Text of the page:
Tip 2: Get Your Pass to Visit the Park
Again, I am thankful for the Isle Royale Facebook group. I would not have known to go online and get our park pass in advance. You can go to this link and follow instructions for registering and paying for your visit to the island: https://www.nps.gov/isro/planyourvisit/fees.htm
If you are a party of six or fewer you get to camp free on the island. If you are seven or more, then you need to go to this link and pay for camping. https://www.nps.gov/isro/planyourvisit/camping.htm
When we arrived at the island a ranger greeted us on the path and then guided us up to the visitor’s center to issue our site permit. She asked where we intended to camp. They want to keep track of people on the island and have a general knowledge of how long people are staying and where. We didn’t have to pick the exact campsite, but they needed to know our campground. We had selected Washington Creek Campground in advance.
Tip 3: Decide in Advance Which Campground You Plan to Camp at on the Island
There are 36 campsites on Isle Royale. The island, according to info from Wikipedia, is 45 miles long and 9 miles wide (at its widest point). It is 209 square miles and is the largest island in Lake Superior. Most people who travel to the island prefer 4-5 days. I would say that is a good idea as well. The island is seen by walking and hiking. If you don’t enjoy hikes, then you won’t see a lot of the island. I do have to say that if your intention is to see moose, then you don’t have to go far. The hike from the Windigo visitor’s center to the Washington Creek campground is about .3 miles. You can see a map of the island below that marks all the campgrounds. This map came from: https://wikitravel.org/upload/en/b/b9/IsleRoyaleMap.png
We chose the Washington Creek campgrounds for a variety of reasons. It is close to Windigo, so you can drop off your gear and you don’t have to haul it far to set up camp. Our kids were carrying food, their sleeping bags, and clothes in their own backpacks. They wouldn’t have liked going for miles carrying their gear. They like to hike, but they don’t do well with backpacks. They usually ask us to carry them after a mile or so. Thus, the Washington Creek campsites were the best for our family.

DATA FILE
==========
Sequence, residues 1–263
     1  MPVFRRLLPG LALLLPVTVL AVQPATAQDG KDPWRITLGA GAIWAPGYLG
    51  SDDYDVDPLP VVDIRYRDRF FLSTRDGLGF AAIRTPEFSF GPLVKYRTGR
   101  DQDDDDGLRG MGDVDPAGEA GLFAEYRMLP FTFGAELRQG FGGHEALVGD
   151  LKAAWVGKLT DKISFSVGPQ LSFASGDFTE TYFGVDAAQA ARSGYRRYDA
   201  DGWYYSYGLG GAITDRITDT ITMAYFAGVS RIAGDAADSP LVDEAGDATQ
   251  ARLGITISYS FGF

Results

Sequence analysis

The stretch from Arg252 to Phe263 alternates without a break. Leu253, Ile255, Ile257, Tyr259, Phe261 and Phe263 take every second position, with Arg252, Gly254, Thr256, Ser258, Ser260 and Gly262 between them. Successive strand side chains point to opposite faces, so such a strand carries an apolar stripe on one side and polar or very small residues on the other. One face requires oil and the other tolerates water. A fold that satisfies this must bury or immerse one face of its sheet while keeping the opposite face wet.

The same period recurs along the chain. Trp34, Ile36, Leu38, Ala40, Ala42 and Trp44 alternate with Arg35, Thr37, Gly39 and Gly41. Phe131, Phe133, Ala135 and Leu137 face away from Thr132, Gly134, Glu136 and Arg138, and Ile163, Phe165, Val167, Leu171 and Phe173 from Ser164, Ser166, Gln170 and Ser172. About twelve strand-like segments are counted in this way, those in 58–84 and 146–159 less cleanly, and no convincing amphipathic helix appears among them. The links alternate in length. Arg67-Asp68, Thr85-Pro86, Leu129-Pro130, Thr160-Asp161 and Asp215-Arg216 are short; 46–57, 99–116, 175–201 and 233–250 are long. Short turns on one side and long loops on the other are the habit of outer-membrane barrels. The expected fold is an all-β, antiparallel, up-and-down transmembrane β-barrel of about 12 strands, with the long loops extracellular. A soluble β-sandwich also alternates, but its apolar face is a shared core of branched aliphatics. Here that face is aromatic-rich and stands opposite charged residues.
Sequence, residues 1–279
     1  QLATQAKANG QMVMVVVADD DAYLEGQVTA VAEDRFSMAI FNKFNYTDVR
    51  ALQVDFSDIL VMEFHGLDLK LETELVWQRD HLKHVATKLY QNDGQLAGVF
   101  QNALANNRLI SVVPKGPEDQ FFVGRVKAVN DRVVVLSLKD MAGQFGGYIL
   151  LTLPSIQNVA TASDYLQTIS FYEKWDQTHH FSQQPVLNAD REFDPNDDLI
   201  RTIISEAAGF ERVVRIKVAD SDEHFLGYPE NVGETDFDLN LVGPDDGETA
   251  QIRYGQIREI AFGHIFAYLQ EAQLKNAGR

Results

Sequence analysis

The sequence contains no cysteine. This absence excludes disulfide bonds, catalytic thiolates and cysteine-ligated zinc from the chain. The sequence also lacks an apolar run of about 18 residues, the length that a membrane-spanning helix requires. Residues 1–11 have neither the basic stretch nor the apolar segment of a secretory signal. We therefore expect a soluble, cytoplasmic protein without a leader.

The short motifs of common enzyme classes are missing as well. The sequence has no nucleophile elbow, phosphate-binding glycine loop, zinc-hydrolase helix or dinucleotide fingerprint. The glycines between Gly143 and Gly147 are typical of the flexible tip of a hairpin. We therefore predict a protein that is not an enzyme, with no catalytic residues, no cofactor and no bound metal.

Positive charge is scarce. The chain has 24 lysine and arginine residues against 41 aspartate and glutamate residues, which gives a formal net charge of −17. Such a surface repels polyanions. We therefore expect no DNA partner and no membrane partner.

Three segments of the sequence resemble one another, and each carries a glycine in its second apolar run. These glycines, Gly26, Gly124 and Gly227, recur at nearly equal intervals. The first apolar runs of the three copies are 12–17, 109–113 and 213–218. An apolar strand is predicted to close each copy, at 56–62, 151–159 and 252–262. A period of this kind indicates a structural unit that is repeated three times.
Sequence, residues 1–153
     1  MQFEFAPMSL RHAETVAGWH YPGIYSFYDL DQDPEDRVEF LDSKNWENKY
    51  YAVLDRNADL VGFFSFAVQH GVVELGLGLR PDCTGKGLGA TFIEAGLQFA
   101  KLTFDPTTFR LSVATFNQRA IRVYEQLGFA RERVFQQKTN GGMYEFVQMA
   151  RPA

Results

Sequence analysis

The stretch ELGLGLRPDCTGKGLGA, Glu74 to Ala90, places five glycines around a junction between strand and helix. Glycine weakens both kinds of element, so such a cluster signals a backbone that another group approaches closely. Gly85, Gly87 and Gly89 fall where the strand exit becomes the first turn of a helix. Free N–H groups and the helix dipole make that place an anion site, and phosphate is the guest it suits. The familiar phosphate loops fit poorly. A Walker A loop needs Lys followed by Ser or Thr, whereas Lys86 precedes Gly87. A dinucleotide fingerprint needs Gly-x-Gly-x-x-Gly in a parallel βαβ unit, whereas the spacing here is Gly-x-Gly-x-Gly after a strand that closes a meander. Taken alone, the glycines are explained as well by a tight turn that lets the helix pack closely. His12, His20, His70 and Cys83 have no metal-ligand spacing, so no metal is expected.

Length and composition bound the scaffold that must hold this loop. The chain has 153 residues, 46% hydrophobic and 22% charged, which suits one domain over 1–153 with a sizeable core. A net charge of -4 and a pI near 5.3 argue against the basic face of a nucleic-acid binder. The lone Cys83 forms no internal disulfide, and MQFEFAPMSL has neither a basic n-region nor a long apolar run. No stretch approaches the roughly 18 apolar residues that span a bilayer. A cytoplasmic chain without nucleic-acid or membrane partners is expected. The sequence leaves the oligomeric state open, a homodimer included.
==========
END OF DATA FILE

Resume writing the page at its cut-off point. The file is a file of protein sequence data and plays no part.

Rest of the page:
Truly the best reason to pick this area is because moose can be found here. They come to eat and drink in the creek. The campsites offer a view of the creek. The best campsite for viewing moose, according to a ranger was campsite #2 at Washington Creek. I would have to agree. We walked to the empty campsite and when we arrived we found that there was a moose already in the water eating! We watched her for about an hour. A bull moose joined her, as did her baby. It was one of the highlights of our entire trip! You can see photos below.
Justin and the boys headed back to our campsite after an hour or so of watching the mama moose. After they left the bull moose came out of the woods and into the water to join mama moose. Then, to our great surprise a baby moose came out of the woods maybe 10-15 feet away from us. It was so close, I told Brielle to get behind a tree. It may have been a baby, but it was still the size of a pony. It actually walked towards us at one point, so I had to back up and get behind a tree to give it space as well. I am not sure if it was simply curious about us, or if it wanted to enter the water exactly where we were standing. Either way, it didn’t seem to care that we were there. The baby moose proceeded to enter the water by us and joined its mom. I got video of it approaching us and another video of the moose swimming to its mama. I love the noises the baby makes in this video.
We camped at site #15. We liked the stairs leading down to the water, the wide water views of Washington Creek, and it had a shelter. They have some shelters available at Washington Creek. They are first come, first serve, so you have to bring a tent regardless. You never know if a shelter will be available. They are basic cabins with 3 wood sides and the front is made of mesh screens. We had packed a tarp and used it to cover the mesh wall at night because it was windy and cold. The nights got very cool. I am thankful for the shelter, because we did get several hours of rain. It is much easier to stay dry and spread out inside the shelter versus a tent.